Last post Feb 27, 2011 03:35 PM by raduenuca
Feb 27, 2011 02:56 PM|dotnetterAMG123|LINK
I'm fairly new to dependency injection but it seems like a proper DI implementation will be fairly complex.
For example, DI requires a centralized class that manages the configuration and resolves the dependencies at runtime.
DI is also based on the concept of using interfaces. For example, a SpecialLogger should use an ILogger interface.
The centralized DI manager class will need to register types - for example, associate ILogger to SpecialLogger.
SpecialLogger will also need to implement the ILogger interface so SpecialLogger can be used through the DI ILogger interface.
Therefore, it seems like a sln using DI will need multiple projects to support DI. Here is an example for logging:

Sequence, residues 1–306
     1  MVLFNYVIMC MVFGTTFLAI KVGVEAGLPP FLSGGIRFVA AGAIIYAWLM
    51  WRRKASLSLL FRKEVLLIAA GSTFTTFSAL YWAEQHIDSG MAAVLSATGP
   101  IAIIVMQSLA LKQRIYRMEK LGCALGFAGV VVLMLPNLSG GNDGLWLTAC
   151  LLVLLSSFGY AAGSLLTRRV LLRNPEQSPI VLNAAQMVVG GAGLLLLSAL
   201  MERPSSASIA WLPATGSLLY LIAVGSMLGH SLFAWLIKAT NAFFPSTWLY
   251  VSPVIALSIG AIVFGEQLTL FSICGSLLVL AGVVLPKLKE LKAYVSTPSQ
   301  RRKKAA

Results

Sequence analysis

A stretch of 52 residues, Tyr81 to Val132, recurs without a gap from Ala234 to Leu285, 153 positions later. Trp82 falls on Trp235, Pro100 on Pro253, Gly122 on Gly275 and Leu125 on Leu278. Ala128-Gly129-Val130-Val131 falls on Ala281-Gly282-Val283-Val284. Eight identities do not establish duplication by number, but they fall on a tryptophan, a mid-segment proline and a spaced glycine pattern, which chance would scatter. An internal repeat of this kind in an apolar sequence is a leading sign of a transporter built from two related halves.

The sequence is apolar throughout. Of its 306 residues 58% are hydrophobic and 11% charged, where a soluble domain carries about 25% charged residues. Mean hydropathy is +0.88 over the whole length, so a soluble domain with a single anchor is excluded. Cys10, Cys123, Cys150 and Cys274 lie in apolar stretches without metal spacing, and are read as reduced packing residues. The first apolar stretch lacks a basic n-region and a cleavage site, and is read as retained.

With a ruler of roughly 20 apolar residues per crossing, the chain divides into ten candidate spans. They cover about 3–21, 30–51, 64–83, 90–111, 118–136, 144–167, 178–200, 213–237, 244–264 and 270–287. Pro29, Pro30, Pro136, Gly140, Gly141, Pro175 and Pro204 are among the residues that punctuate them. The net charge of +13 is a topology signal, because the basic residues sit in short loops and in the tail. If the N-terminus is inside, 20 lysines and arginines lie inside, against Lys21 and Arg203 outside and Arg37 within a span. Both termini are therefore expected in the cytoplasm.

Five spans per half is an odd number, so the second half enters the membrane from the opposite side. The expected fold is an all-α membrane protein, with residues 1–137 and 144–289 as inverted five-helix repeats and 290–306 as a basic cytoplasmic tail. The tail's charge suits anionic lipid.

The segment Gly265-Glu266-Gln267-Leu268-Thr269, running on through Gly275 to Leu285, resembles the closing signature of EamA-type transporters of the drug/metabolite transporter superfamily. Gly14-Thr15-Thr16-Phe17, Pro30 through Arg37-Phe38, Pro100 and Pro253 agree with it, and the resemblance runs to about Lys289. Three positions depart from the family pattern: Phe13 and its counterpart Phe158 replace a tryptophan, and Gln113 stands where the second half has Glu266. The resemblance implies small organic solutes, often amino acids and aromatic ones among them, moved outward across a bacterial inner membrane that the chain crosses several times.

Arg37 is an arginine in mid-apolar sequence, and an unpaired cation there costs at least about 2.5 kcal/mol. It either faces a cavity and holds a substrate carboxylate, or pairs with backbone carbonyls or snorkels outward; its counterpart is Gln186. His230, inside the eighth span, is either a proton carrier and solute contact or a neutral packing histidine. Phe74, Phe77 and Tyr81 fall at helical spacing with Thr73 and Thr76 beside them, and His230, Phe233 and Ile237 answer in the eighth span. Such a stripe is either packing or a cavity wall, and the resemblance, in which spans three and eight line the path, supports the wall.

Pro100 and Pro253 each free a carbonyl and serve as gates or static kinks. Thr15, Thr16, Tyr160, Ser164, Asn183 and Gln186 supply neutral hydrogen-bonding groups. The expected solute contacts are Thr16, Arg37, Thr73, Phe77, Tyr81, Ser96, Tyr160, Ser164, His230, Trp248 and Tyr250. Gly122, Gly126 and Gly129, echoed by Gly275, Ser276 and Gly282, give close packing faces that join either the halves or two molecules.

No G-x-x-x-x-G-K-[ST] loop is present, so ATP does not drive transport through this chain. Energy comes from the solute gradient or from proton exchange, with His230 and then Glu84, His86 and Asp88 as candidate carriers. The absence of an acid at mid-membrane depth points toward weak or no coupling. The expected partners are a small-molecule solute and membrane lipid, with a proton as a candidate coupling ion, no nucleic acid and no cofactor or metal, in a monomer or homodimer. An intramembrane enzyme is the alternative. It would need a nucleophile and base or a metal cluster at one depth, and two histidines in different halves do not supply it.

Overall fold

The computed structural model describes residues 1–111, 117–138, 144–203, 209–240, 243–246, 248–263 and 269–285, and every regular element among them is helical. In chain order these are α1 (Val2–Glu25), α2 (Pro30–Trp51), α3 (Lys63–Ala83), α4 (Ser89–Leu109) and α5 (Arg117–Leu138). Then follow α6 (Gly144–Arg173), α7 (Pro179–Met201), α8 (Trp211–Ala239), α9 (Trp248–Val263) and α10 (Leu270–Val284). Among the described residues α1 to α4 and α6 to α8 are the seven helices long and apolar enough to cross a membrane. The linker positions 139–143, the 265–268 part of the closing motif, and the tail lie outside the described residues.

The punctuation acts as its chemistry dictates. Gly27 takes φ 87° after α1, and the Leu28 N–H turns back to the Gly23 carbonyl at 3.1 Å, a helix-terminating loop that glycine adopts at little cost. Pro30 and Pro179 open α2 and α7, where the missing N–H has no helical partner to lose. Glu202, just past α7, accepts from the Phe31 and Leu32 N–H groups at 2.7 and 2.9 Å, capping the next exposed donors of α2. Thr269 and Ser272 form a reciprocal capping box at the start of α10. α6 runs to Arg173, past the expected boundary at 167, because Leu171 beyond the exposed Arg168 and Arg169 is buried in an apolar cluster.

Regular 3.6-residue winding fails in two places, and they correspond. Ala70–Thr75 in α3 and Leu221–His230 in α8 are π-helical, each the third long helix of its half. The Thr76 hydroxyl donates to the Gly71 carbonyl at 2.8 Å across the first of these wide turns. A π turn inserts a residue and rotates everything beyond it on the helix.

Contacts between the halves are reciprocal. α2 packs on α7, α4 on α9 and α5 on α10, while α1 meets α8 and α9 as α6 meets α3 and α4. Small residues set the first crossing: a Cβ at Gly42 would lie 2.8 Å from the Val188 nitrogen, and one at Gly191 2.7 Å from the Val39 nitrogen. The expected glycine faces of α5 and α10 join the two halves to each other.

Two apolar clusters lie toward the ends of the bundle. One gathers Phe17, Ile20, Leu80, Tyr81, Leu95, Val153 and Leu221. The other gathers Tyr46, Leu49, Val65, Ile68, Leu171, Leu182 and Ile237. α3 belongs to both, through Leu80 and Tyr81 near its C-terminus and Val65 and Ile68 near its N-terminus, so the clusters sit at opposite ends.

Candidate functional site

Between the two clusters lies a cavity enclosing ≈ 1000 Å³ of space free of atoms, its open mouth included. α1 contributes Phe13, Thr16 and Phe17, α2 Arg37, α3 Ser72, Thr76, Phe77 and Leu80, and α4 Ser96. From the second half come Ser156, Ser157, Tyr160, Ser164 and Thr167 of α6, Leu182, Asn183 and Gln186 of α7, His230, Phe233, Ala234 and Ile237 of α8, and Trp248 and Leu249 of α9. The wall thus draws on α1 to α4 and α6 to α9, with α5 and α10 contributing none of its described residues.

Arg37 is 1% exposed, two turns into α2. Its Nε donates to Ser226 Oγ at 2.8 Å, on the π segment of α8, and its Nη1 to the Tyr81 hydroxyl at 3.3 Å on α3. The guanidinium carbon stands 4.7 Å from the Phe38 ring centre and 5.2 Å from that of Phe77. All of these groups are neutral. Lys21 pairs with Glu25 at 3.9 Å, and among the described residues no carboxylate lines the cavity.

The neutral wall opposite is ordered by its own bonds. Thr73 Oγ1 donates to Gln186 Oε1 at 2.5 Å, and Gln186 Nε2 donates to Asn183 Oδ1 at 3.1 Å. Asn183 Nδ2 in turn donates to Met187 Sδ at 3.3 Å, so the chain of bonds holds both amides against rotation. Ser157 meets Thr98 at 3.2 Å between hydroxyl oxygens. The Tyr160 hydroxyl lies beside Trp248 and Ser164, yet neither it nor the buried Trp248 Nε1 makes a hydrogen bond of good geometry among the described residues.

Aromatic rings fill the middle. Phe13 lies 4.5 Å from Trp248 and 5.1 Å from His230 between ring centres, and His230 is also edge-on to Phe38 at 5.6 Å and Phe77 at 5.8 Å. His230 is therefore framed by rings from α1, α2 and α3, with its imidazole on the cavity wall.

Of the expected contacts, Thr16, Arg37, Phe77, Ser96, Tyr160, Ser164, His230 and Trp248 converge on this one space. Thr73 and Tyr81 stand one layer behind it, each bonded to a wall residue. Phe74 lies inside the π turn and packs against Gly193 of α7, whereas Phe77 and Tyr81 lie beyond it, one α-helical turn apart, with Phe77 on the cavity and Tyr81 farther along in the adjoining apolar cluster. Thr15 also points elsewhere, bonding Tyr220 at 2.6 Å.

* MyCompany.MyDivision.Framework.DI.Management - this would have the DI manager where dependency types are registered and resolved at runtime
* MyCompany.MyDivision.Framework.Logging - this would have the implementation of a logging class. The main logging class would need to implement ILogger.
* MyCompany.MyDivision.Framework.DI.Interfaces - this would have the ILogger interface.
Interfaces would need to be stored in a separate class library from the DI manager because both the DI manager and SpecialLogger use the ILogger interface. Since the DI manager associates SpecialLogger to ILogger a circular reference would be encountered
without a separate class library to store the ILogger interface.
Does this sound like a reasonable assessment? Like I said I am just learning DI so if you can share any real-world experience with a DI implementation that would be appreciated.
Feb 27, 2011 03:35 PM|raduenuca|LINK
I have the following setup: